HOW THE MATCH WAS WON by Keith Scarlett
AS Roma 0 v 2 Real Madrid
In this match, Zinedine Zidane may have measured the road that still separates him from the great coaches. Facing a veteran, the "young" Zizou remained helpless, watching his Real Madrid side stumble over a well-organized team. It took a flash of brilliance from Ronaldo in the 57th minute to unlock this meeting and then and extra one from Jesé at the end of the match to take the points. Real almost qualified for the quarter-finals with this win, but they are still far from being a contender for the Champions League title.
Here is what I thought were the key tactical aspects that played into the outcome of this match. What are your thoughts? Please let me know what you think and what other tactics you think were a factor in this match in the comments section below.
The absence of Bale in the Madrid camp forced tough choices: Isco and James both started the match. On the Roman side, Spalletti did not change his old habits lining up in a 4-3-3 with no real center forward (Perotti) and two very quick outside strikers (Salah and El-Shaarawy).
It takes two to make a match and Real struggled for almost an hour, due to the game plan set up by Luciano Spalletti. Returning to Rome after leaving Russia, the Italian coach has left nothing to chance.
Defensively, Roma disrupted Real on all opportunities. Without over-pressing, which could quickly become dangerous when facing such quality technicians on the ball, the idea was to oppose the short build-up of the Spaniards. It was definitely not to leave enough space to players like Kroos, Modric and Ramos to play and be able to find Ronaldo or Benzema.
Once Real made it 30 meters out, Roma would position themselves with a central defensive block with Perotti as the point level with the center circle. Varane and Ramos were left free, the center forward concentrating on Toni Kroos.
Faced with such a dense block in the core of the field made it difficult for Real to create opportunities centrally.
Rather well positioned, Roma did not leave many opportunities for Real Madrid to advance initially. Real was forced to mainly play down the sides, via passes down the sideline for a service in order to try and circumvent the opposing block.
Facing a block consolidated and disciplined, Real wanted to maintain possession of the ball. Modric, Isco, Ronaldo and James offer themselves as options to Kroos, Ramos and Varane and help move the ball. The problem is that this is not very efficient without movement.
The other concern for Real Madrid was when they were in recovery and the lack of effort from Raphael and Varane. Often, the French player was released by his teammates, but most of the time, he refused to attack the space opened up in-front of him.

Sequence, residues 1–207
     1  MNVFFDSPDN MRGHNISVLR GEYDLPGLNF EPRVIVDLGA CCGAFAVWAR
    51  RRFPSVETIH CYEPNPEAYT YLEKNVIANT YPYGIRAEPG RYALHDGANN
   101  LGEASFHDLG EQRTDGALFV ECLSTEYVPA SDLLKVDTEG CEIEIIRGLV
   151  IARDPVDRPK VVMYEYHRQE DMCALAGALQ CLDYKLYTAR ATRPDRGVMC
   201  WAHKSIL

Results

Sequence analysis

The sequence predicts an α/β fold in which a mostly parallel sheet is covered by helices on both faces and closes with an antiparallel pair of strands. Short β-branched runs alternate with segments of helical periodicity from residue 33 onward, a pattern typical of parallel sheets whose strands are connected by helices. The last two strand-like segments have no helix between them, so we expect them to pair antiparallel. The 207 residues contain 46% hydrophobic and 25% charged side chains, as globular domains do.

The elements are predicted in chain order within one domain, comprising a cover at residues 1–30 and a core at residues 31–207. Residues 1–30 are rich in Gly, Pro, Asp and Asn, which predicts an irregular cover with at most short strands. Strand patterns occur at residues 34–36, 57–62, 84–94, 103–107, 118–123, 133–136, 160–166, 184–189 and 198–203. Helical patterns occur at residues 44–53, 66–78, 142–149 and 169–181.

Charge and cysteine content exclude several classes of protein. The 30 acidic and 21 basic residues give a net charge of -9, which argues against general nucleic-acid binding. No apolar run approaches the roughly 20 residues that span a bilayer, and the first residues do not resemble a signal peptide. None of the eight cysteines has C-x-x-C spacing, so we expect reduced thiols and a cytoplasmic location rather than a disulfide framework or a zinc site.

The Romans fixed their block on the left-side. Varane receives the ball and has clear field in front of him.
…but, the Frenchman does not take any risks and instead plays laterally to Carvajal, eliminating the gap created from the start.
Besides a resurgence from the French, Real also suffered from a lack of purpose from what they were doing early in the match.
Expected to help and offer options centrally, Modric and Isco were marked out of the match early on. Their lack of movement greatly helped the Giallorossi early in the match, the latter having to only chase Benzema around.
Ronaldo makes a run down a channel on the left-side, but isn’t really dangerous due to the lack of support.
The Madrileños had to resort to using set pieces (corners, free kicks) on the sides to be able to tighten the distance between Modric and Isco and be able to find them in small spaces. It was also during these times that Real Madrid was able to recall that they were part of the elite technically.
As the minutes passed, Isco and Modric took more initiative and began to combine with the wide players. In support of these actions, Kroos brought them his passing palette to play in the intervals or switch to the opposite side. Nothing spectacular, however, since Roma was rarely out of position.
Playing the ball out wide to Isco on the left inevitably creates more space for Marcelo and Ronaldo.
Pianic opening up space for Marcelo.
Marcelo plays Ronaldo along the sideline.
Ronaldo is released into a 1 vs. 1 situation with three options just outside the penalty area.
…and that's How The Match Was Won!
I would love to hear your thoughts about this or other tactics of the match that were an important factor in its outcome. Let us discuss it below in the comments section.
What do you think?
HOW THE MATCH WAS WON by Keith Scarlett, Former Assistant Women’s Football Coach – Perth Glory FC, Australia, former U.S. Soccer National Staff, follow him on Twitter @keithscarlett and catch his personal blog, "An American Coach Down Under:" http://keithscarlett.blogspot.com